A traditional ceremony to dispel demons usually observed on the third of February. The practice of scattering beans (豆撒き mamemaki) to drive away demons is one of some magical rites performed to ward off evil.
The term setsubun (節分) originally referred to the eve of the first day of any of the twenty-four divisions of the solar year known as setsu (節). Later it was applied more specifically to the last day of the setsu called daikan (大寒, “great cold”), which corresponded to the eve of risshun (立春, “the first day of spring”), the New Year’s Day of the ancient solar calendar and the traditional beginning of spring.
Since risshun and the traditional celebration of the New Year fell at about the same time, setsubun was associated with rites of purification and exorcism of evil deemed essential to preparing oneself for the coming year and the spring planting season. In many places in Japan the observance of setsubun includes rites associated with koshōgatsu (小正月, “Little New Year”) such as toshiura (年占), auguries for forecasting the year’s crop; and nariki-zeme (成り木責め), spells for plentiful fruit harvest.
The association of setsubun with the bean-throwing ceremony is said to date from the Muromachi Period (1333-1568). This rite is linked to the observance of tsuina (追儺, Chin.: zhuinuo or chui-no), a Chinese ceremony for driving off devils dating from the Zho (Chou) dynasty (1027-256 BCE). In China on New Year’s Eve men dressed in bear skins and masks and pretended to drive away devils with sharp weapons. Adopted in Japan, by the mid-ninth century the rite of tsuina was incorporated into the cycle of annual events observed by the imperial court, and from the Muromachi Period, it came to be enacted at setsubun.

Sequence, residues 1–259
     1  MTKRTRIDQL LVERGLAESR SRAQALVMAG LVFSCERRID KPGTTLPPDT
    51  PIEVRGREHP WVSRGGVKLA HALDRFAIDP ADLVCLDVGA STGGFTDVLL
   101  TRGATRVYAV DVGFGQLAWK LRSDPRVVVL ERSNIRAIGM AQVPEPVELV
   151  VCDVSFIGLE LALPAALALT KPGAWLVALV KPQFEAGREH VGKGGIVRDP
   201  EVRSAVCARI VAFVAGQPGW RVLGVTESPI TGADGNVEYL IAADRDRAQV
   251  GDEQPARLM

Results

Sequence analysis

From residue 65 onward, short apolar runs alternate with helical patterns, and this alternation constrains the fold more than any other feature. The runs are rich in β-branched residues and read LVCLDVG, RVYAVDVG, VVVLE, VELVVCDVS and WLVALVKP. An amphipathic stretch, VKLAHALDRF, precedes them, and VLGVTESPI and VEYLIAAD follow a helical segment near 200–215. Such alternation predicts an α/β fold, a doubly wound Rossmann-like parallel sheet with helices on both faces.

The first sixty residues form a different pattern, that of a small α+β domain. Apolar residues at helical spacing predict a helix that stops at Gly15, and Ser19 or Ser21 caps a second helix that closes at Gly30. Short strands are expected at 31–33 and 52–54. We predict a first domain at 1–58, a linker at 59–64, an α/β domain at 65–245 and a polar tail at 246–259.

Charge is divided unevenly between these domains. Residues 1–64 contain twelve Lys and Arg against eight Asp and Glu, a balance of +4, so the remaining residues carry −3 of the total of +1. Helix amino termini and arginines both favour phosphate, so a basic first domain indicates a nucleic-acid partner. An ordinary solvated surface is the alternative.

On setsubun beans (usual soybeans) are roasted and placed in a small wooden box (masu) of the type used for measuring rice or sake. The beans are scattered inside and outside the house or building to the common chant of Oni wa soto, fuku wa uchi (鬼は外! 福は内! “Out with demons! In with good luck!”). It is customary for family members to eat the same number of beans as their age. In recent years it has become common practice at famous temples and shrines for well-known personalities born under the Chinese zodiacal sign for that year (十干十二支 jikkan junishi) to be invited to throw out beans as a means of soliciting visitors.
Another habit that originated in the Kansai region is to eat eho-maki (恵方巻, “lucky direction rolls”), makizushi that are left unsliced, silently partaken of while facing the lucky direction of the particular year. This habit has reached other parts of Japan, and eho-maki can be found in many shops and convenience stores all over Japan around February 3. Nowadays, it common to see peanuts being scattered instead of roasted soybeans.